Transforming learning is a two-way partnership | Ms Ralda Deoki, Dean of Pedagogy and Learning Innovation
As part of the Terrace learning philosophy launched at the beginning of the year, we articulated a vision for a learning alliance between educators and students. We believe that this alliance, based on teachers and students working together to meet learning goals, is the foundation on which excellence and success can be built. It recognises that learning is not a passive activity. While teachers bring skills and expertise to the learning environment, students also have an active role to play if their learning is to be successful. As we approach the end of term exams, this partnership becomes crucial.
As part of their learning alliance, teachers follow the Terrace pedagogical approach to optimise the learning environment. The pedagogical approach identifies three elements of learning: enable, grow and transform. Transform is particularly significant when nearing assessment and exams. To transform learning, teachers provide opportunities and activities in class that allow the application of knowledge and skills already learnt to unfamiliar contexts. Teachers are teaching for transfer by providing unfamiliar contexts, ensuring that students are prepared for exams and the potential unexpected questions that can sometimes throw them off. As well as activities for transfer, the transform element sees teachers sign post metacognitive processes for students. This means that students are made aware of the processes they are going through as they are thinking and learning. This awareness becomes a powerful tool when students begin their exam revision.
The Terrace Learning Framework outlines the student’s responsibilities in the learning alliance. As with teachers, students have the elements of enable, grow and transform that they are responsible for. For transform, students should independently apply what they have learned in class to revision following specific study techniques. The Studies Principles were identified as the most effective strategies for revision following research conducted by Terrace in partnership with the University of Queensland Science of Learning Research Centre. Utilising these strategies for exam revision allows students to optimise the learning they have done in class. The Studies Principles include:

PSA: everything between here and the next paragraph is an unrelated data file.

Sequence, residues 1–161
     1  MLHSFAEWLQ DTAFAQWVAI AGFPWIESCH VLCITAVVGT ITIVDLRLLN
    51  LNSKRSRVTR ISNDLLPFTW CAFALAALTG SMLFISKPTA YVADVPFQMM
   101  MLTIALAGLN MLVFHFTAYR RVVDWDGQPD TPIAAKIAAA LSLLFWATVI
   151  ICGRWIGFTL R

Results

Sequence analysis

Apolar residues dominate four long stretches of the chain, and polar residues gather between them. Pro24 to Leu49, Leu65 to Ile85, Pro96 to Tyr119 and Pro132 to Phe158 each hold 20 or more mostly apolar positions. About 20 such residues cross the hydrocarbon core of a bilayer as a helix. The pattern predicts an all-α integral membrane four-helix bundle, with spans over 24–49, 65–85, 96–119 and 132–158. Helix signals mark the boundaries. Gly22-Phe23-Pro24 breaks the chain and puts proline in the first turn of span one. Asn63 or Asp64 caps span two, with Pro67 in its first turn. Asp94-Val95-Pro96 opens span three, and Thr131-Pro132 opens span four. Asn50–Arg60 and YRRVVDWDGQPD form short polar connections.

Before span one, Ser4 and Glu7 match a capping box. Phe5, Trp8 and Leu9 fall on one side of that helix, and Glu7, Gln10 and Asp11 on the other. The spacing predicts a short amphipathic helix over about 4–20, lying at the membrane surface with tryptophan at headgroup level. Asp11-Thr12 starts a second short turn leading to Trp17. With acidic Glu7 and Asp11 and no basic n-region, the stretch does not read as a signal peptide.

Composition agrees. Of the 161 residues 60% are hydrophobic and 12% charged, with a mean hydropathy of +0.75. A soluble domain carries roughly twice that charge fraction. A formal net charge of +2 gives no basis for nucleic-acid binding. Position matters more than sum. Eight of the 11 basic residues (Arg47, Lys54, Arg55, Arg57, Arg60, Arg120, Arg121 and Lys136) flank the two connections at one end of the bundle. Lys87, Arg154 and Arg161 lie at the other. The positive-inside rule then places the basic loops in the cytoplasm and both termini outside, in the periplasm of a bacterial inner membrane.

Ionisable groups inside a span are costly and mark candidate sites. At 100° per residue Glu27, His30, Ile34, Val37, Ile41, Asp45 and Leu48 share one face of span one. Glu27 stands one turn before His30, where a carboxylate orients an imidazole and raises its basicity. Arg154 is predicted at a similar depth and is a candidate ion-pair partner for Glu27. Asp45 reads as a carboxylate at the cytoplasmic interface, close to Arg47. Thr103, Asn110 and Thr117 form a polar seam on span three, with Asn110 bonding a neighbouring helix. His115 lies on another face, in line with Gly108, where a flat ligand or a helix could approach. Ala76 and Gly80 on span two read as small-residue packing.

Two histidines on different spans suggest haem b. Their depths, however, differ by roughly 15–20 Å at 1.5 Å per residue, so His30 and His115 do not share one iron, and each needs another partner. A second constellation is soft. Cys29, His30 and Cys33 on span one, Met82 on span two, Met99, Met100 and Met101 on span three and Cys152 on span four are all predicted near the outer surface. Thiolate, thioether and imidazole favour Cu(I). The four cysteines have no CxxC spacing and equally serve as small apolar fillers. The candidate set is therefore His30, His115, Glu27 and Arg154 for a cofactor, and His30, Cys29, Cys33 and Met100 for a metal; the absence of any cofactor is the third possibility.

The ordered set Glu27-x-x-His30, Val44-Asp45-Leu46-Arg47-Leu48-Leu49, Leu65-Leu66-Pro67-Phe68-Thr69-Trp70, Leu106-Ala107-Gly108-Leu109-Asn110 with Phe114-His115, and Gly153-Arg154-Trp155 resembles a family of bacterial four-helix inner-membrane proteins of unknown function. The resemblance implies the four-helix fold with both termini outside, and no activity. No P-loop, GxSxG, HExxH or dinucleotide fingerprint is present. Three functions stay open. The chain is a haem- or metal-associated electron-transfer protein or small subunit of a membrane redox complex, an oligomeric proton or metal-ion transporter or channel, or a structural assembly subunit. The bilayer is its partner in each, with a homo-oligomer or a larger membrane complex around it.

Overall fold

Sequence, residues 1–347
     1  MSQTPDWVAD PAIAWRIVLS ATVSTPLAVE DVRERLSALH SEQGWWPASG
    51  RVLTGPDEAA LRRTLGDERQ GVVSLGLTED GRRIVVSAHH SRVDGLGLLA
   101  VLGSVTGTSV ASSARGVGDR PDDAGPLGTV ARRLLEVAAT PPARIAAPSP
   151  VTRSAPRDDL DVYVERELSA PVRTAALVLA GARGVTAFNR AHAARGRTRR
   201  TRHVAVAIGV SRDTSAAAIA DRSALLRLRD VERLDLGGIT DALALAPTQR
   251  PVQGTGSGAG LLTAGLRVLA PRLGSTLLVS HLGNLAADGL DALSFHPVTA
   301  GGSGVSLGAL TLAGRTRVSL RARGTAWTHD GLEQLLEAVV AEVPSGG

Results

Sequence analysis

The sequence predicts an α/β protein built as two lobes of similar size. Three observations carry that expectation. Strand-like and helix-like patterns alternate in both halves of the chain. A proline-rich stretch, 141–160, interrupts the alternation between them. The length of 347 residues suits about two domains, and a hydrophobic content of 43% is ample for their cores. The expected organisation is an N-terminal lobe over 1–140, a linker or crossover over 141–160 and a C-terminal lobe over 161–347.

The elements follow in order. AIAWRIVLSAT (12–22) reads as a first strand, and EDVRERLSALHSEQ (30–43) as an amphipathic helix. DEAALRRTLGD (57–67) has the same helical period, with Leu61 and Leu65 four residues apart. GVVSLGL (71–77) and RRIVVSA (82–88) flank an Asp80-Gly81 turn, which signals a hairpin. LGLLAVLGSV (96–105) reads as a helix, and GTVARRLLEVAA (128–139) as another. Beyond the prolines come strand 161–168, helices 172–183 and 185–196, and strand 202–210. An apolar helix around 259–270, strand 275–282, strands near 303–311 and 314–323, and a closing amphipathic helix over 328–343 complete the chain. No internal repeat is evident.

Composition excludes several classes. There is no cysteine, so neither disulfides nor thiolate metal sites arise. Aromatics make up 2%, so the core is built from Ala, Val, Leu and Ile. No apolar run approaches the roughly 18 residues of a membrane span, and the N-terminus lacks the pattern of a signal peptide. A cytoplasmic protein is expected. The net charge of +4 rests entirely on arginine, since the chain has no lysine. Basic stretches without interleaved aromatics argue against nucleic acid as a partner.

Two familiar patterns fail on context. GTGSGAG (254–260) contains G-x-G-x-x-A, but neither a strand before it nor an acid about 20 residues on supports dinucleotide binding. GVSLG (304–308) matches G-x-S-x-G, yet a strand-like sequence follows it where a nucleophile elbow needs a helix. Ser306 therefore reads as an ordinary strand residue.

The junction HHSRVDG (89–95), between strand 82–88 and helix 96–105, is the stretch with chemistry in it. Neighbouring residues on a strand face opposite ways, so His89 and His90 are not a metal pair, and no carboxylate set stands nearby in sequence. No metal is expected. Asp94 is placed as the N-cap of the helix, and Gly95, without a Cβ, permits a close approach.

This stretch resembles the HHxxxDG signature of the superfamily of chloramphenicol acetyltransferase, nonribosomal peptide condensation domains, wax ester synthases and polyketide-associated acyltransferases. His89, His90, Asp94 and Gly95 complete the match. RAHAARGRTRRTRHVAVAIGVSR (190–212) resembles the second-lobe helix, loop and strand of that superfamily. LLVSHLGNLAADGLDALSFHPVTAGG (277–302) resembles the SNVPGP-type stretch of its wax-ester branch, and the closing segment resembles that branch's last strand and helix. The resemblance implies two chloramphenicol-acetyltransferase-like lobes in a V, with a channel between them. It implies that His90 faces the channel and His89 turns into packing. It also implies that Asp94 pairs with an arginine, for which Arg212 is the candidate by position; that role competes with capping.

Active revision – Students actively revise when they write responses, make flashcards, answer practice questions, draw diagrams to represent information, draw flow charts, create mind maps, elaborate on their understanding, explain in their own words and create their own questions.
Spaced practice – Several times throughout the week, students work on certain subjects to remember rules and facts and understand how things work. They leave breaks between the time they spend on a subject.
Interleaving – Subjects or different topics within a subject are mixed when revising or retrieving information. For example, in Maths, a student could answer practice questions on algebra, area, graphing, and geometry. This forces the brain to distinguish between these topics and boosts recall.
Retrieval practice - Students write down major points they can remember from the previous class. They note everything they can remember, then look up what they have forgotten.
Self-regulate/evaluate – Students set goals for their exams with specific actions about achieving those goals. They should be aware of the strategies they are employing. To self-direct their learning, they should review and reflect on previous results and judge whether they know the work by self-testing and about what to work on and for how long each night.
If students use these Studies Principles strategies, they can build on the groundwork that teachers have laid and actively participate in the learning alliance. By working together in partnership, learning can be transformed into achievement.